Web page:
The Strange Case of Dr Jekyll and Mr Hyde by Robert Louis Stevenson 4/5
In this harrowing tale of good and evil, the mild-mannered Dr. Jekyll develops a potion that unleashes his secret, inner persona—the loathsome, twisted Mr. Hyde.
Dr Jekyll’s friends are worried about him. Should he die or vanish, the civilised doctor has bequeathed his entire fortune to a man who oozes evil, Mr Hyde. How are the two men acquainted, and how can they make Jekyll see sense?
Let me first state that I know this story, but I have never actually read the book until now. Various retellings, shows/films etc ensure that no one can grow up without at least hearing of Dr Jekyll and Mr Hyde and the narrative basics. It’s bizarre to start a story knowing the story. Does that sound as weird to you as it does to me?
I was pleasantly surprised to feel as though the story was fresh to me. This book explores the different sides to identity, and how both good and evil are intertwined in us all, but if you allow it, the evil in us will win.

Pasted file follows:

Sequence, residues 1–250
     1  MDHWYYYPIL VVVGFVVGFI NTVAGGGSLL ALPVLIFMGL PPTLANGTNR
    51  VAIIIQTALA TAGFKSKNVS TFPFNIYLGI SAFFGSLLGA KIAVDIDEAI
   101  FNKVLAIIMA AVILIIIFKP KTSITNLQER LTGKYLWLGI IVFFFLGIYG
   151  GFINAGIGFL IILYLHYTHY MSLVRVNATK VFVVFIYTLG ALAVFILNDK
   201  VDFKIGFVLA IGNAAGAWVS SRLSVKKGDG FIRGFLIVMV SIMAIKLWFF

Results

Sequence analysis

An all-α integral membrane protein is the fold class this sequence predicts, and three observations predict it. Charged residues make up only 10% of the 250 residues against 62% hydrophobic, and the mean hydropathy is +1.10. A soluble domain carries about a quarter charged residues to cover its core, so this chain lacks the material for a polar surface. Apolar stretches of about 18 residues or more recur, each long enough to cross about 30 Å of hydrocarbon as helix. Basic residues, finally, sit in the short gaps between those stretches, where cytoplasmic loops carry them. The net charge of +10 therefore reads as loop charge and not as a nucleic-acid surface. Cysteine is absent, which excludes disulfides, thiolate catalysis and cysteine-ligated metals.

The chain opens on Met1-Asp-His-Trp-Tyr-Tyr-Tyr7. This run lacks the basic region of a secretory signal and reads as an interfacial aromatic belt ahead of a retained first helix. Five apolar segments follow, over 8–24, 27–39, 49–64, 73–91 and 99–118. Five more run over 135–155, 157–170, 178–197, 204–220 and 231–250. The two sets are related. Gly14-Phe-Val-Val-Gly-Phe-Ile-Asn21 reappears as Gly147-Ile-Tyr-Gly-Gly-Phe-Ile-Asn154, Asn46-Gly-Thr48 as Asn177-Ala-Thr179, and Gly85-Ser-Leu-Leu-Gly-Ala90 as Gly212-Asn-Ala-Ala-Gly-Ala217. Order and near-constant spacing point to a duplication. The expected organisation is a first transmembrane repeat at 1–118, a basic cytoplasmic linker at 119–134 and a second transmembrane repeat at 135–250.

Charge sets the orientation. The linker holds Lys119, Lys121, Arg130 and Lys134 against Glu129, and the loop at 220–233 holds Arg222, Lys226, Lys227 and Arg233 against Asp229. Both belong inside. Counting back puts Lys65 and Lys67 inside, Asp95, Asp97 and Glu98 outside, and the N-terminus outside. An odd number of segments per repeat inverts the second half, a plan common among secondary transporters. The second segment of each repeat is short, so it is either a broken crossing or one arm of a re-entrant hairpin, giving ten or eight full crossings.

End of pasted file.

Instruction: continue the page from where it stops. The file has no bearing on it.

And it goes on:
Despite the fact that this book is short, and nearly the entirety of the book is told from the friend’s perspectives, Stevenson does a brilliant job at character development for both Jekyll and Hyde. Jekyll’s statement at the end is brutally honest and logical, and although he realises the mistakes he made, he isn’t entirely remorseful. It is a chilling ending to a chilling read.
The opinions expressed here are those of K.J.Chapman and no other parties
All books reviewed on this blog have been read by K.J.Chapman
K.J.Chapman has not been paid for this review